Mom gets 20 years to life for fatal salt-poisoning of son

In this Feb. 3, 2015, file photo, Lacey Spears listens to opening statements in her murder trial in White Plains, N.Y.

WHITE PLAINS, N.Y. (AP) — A woman convicted of killing her 5-year-old son by poisoning him with salt got a break on her murder sentence Wednesday because she suffers from a mental illness she has refused to acknowledge, the judge said.

Lacey Spears, 27, of Scottsville, Kentucky, was sentenced to 20 years to life in prison for the 2014 death of Garnett-Paul Spears at a suburban New York hospital. Prosecutors said the mother force-fed high concentrations of sodium through the boy’s stomach tube because she craved the attention his illness brought to her, especially through her heavy posting on social media.

Acting state Supreme Court Justice Robert Neary said Spears’ crime was “unfathomable in its cruelty” and brought her son “five years of torment and pain.” But he said he was not imposing the maximum 25 years to life because “one does not have to be a psychiatrist to realize you suffer from Munchausen by proxy.”

He said he was offering “something you did not exhibit toward your son — mercy.”

Munchausen by proxy, now known clinically as factitious disorder imposed on another, is a disorder in which, in some cases, caretakers purposely but secretly harm children and then enjoy the attention and sympathy they receive.

The judge said he hoped to shine a spotlight on the illness and encourage public reporting of it.

Spears’ attorneys had refused to raise the disorder as a defense, and both sides agreed not to mention it at trial. After the sentencing, defense lawyer Stephen Riebling said it was odd for the judge to bring it up because Spears “hasn’t been diagnosed with any mental illness.”

Spears seemed to bristle when the judge said he hoped she would seek out help. She turned down a chance to address him and displayed no emotion at the moment of sentencing. She did not testify at her trial.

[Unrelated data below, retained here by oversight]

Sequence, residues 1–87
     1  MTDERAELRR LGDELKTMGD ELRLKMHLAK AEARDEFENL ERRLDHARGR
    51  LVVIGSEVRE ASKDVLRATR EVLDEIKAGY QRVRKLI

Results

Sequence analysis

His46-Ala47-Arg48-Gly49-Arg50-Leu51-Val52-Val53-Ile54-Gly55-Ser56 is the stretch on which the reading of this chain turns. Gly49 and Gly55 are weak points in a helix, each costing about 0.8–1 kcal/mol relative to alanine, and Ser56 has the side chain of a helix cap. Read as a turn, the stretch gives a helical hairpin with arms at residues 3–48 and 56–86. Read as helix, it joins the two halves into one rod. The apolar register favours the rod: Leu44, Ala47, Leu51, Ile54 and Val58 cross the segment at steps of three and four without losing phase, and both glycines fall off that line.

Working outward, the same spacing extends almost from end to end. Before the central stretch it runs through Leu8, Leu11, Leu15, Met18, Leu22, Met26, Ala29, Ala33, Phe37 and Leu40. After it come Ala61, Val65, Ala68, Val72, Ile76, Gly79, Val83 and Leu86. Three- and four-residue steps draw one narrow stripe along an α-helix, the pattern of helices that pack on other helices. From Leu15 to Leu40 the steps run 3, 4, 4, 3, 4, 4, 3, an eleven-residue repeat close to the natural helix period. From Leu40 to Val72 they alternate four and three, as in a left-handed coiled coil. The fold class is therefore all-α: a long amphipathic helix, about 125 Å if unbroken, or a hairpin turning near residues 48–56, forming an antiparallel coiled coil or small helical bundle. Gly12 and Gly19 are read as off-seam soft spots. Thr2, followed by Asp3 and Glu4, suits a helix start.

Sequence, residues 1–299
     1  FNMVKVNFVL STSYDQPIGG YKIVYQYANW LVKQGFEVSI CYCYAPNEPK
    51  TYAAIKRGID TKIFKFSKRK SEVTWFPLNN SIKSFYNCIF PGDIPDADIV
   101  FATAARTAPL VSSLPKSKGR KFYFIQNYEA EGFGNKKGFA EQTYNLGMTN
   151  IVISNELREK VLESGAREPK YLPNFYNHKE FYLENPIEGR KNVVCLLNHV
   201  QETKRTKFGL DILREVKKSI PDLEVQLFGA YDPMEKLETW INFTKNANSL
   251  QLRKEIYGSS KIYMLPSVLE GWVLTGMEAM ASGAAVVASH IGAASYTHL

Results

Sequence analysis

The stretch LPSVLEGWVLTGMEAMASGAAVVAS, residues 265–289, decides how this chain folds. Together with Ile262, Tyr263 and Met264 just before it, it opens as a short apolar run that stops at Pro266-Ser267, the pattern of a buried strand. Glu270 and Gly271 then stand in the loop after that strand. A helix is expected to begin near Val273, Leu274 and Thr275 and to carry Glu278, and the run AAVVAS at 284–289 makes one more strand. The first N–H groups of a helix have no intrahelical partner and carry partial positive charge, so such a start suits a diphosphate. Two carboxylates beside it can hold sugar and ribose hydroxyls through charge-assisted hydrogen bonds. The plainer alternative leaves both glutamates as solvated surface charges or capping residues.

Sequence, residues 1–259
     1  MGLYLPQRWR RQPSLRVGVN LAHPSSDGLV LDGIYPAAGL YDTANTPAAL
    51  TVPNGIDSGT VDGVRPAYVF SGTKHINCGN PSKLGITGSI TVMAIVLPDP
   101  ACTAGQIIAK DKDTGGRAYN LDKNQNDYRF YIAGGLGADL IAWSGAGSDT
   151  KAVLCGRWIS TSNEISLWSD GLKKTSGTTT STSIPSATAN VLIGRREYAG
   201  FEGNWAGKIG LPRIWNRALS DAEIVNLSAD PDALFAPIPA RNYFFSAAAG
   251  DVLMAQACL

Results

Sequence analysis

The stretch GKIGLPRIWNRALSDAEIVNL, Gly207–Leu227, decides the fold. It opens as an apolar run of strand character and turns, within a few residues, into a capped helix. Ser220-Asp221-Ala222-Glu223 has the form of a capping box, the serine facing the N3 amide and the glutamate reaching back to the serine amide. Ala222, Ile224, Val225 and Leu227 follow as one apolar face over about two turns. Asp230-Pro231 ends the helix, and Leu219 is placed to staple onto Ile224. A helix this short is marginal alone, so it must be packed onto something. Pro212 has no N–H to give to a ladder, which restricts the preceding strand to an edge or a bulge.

The defense, which filed an appeal of Spears’ conviction immediately after the sentencing, had asked the judge for an even lighter sentence, the minimum 15 years to life. Defense lawyer David Sachs said Spears was “a hard-working single mother who gave her son unconditional love.”

But prosecutor Doreen Lloyd, arguing for the maximum sentence, told the judge that Spears’ actions “were inhuman, they were despicable and they were evil.”

She said jurors and others who saw hospital-room video recordings showing Garnett in pain after being fed salt “will never be able to erase those images from their minds.”

Spears used the boy’s feeding tube “as a weapon to kill him,” Lloyd said.

“Garnett Spears should be in school today, and he’s not because his mother murdered him,” she told the judge.

Spears, an Alabama native, was living with her son in Chestnut Ridge, New York, when he died. She moved to Kentucky afterward and was living there when she was arrested.

Westchester County District Attorney Janet DiFiore said after the sentencing that Garnett “was forced to suffer through repeated hospitalizations, unneeded surgical procedures and ultimately poisoning with salt, all at the hands of the one person who should have been his ultimate protector: his mother.”

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